On 17 February, the Eastern AHSN ran a Mental Health Hackathon for young people interested in shaping local health services, with a hope to recruit new youth members to the East of England Citizens’ Senate. Form the Future managed the event, which was held at the Wellcome Trust Genome Campus, just outside of Cambridge.
Francesca Gale, Education Development Lead at the Wellcome Genome Campus Public Engagement, said:
“We’re delighted to have young people on campus engaging with important topics, such as mental health. Genomics is playing such an important part in the health service, it’s fantastic for them to come together here and experience the science on-site.”
The young delegates heard from a variety of speakers who are involved with delivering or improving healthcare services in the region, including Kevin James, a patient leader in mental health. He shared his personal experience of living with mental health conditions, the difference it would’ve made to have been diagnosed earlier in his life and the difficulties accessing the right services in his area.
Helen Oliver, Director of Network Leadership at Eastern AHSN said:
“This event was designed to inspire and activate young people from across the Eastern region to get involved with the Citizen Senate which supports the transformation of health and care services. We hope that some of the ideas from today will be shared with the NHS to support them to design interventions that work better for young people.”
Kevin James added, “I wanted to get involved with the hackathon as I don’t want young people to experience the same challenges I have. As a Patient Leader and member of the Citizen Senate, I was a natural go-to person to help design the event and task the delegates with developing ideas that focus on earlier intervention and reducing the stigma around mental health.”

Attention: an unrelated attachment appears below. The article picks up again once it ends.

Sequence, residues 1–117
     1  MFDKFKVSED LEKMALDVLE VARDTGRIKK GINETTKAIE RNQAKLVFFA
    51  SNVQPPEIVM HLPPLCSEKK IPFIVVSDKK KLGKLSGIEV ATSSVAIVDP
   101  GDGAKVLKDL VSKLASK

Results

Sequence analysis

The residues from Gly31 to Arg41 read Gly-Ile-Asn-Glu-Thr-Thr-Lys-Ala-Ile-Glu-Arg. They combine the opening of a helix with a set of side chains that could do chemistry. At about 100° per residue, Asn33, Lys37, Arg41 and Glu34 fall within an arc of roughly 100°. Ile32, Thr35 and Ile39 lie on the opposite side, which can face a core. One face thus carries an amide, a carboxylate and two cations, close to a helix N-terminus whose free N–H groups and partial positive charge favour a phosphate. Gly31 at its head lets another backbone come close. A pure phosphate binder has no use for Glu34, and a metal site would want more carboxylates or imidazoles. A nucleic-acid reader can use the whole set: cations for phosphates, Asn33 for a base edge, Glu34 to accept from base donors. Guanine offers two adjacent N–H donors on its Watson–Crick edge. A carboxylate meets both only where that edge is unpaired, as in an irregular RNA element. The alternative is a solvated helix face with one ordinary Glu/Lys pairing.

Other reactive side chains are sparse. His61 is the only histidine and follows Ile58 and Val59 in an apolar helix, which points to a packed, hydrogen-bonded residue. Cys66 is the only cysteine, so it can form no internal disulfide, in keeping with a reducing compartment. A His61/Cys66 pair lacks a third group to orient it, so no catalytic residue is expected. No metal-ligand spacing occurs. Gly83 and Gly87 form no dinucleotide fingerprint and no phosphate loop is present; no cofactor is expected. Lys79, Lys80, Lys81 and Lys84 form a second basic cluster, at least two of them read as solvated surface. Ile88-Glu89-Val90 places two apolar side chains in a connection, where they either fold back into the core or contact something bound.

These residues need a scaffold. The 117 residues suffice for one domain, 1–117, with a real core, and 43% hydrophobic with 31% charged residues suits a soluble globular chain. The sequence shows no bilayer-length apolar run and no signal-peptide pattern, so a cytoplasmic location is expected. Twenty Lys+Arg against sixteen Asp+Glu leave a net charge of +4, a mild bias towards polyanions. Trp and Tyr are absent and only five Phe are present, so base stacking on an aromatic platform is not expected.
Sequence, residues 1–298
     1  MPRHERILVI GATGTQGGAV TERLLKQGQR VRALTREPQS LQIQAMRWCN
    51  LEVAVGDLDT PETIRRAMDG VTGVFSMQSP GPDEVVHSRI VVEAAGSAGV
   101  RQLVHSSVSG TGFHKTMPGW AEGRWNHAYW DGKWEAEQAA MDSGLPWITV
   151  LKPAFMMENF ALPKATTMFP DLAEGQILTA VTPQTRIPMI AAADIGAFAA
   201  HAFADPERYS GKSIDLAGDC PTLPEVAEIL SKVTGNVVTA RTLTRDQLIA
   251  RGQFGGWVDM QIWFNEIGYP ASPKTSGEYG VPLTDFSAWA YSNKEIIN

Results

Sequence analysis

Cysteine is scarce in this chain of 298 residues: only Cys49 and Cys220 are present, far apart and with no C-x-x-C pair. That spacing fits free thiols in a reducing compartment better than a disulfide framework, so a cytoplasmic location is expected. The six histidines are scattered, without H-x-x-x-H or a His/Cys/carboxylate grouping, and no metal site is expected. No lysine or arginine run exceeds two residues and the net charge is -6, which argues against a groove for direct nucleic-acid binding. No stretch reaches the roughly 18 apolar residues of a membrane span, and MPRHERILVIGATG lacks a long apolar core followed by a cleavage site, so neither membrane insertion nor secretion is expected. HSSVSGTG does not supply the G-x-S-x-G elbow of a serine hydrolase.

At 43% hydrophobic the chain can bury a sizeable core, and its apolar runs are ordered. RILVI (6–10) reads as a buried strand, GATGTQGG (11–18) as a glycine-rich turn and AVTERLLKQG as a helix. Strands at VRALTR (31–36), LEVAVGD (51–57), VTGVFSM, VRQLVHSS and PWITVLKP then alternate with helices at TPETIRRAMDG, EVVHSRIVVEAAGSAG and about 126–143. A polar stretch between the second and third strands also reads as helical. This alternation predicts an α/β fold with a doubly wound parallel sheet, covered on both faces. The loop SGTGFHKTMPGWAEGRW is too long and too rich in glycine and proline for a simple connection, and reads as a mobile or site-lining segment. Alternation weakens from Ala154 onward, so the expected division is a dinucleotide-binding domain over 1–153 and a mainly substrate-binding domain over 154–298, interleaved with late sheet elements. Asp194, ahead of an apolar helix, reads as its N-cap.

The solutions developed included apps to improve the lives of young people living with mental health conditions, increasing education of mental health within the school curriculum and a website that provides one-to-one communication between service users and medical professionals.
Mikaela Sanderud, a Year 12 student at Comberton Sixth Form, said:
“I wanted to get involved with the hackathon as it looked fun and interesting, but also because I have personal experience of friends struggling with mental health issues and wanted to help them. It sounded like this would help me make a difference. It’s been a fantastic event and I loved the freedom to come up with new ideas in a friendly, non-competitive environment.
Anne Bailey, Co-founder and Director of Form the Future CIC, added: “Events like this hackathon benefit everyone. The young people get insight into the workings of the NHS and the chance to contribute to shaping health services while industry, in this case the NHS, gets to learn from young people, with their unique perspectives. Some of the contributions that I heard today from young people – like the spoken word poem recounting a patient’s experience – would never have come out of a traditional NHS committee.”
We are excited to see what ideas and changes the NHS may be able to develop and implement following this event, and hope that the passionate young people who took part will pave the way for change.
If you are interested in finding out more about what we do, or would like us to manage a bespoke educational event like this Hackathon, just get in touch!